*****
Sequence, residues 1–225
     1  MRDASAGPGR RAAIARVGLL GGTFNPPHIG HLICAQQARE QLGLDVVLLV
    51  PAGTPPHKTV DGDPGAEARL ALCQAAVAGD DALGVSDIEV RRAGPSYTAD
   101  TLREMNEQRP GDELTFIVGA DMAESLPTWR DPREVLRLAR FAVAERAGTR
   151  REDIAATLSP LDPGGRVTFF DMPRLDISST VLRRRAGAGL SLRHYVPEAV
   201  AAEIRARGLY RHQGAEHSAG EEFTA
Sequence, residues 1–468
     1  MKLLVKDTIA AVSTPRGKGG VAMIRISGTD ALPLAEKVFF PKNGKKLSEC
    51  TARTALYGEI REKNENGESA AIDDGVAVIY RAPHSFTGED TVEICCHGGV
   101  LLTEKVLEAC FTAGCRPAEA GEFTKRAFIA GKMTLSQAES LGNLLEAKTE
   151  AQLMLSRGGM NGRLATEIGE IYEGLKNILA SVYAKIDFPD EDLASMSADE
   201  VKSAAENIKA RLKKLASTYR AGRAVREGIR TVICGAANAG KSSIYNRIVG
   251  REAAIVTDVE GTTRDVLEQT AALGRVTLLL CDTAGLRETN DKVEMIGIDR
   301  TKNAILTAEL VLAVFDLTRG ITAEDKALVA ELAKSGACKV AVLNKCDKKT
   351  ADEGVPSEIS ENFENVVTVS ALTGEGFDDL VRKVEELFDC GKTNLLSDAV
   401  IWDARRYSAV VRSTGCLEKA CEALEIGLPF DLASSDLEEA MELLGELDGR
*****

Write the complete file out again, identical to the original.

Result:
Sequence, residues 1–225
     1  MRDASAGPGR RAAIARVGLL GGTFNPPHIG HLICAQQARE QLGLDVVLLV
    51  PAGTPPHKTV DGDPGAEARL ALCQAAVAGD DALGVSDIEV RRAGPSYTAD
   101  TLREMNEQRP GDELTFIVGA DMAESLPTWR DPREVLRLAR FAVAERAGTR
   151  REDIAATLSP LDPGGRVTFF DMPRLDISST VLRRRAGAGL SLRHYVPEAV
   201  AAEIRARGLY RHQGAEHSAG EEFTA
Sequence, residues 1–468
     1  MKLLVKDTIA AVSTPRGKGG VAMIRISGTD ALPLAEKVFF PKNGKKLSEC
    51  TARTALYGEI REKNENGESA AIDDGVAVIY RAPHSFTGED TVEICCHGGV
   101  LLTEKVLEAC FTAGCRPAEA GEFTKRAFIA GKMTLSQAES LGNLLEAKTE
   151  AQLMLSRGGM NGRLATEIGE IYEGLKNILA SVYAKIDFPD EDLASMSADE
   201  VKSAAENIKA RLKKLASTYR AGRAVREGIR TVICGAANAG KSSIYNRIVG
   251  REAAIVTDVE GTTRDVLEQT AALGRVTLLL CDTAGLRETN DKVEMIGIDR
   301  TKNAILTAEL VLAVFDLTRG ITAEDKALVA ELAKSGACKV AVLNKCDKKT
   351  ADEGVPSEIS ENFENVVTVS ALTGEGFDDL VRKVEELFDC GKTNLLSDAV
   401  IWDARRYSAV VRSTGCLEKA CEALEIGLPF DLASSDLEEA MELLGELDGR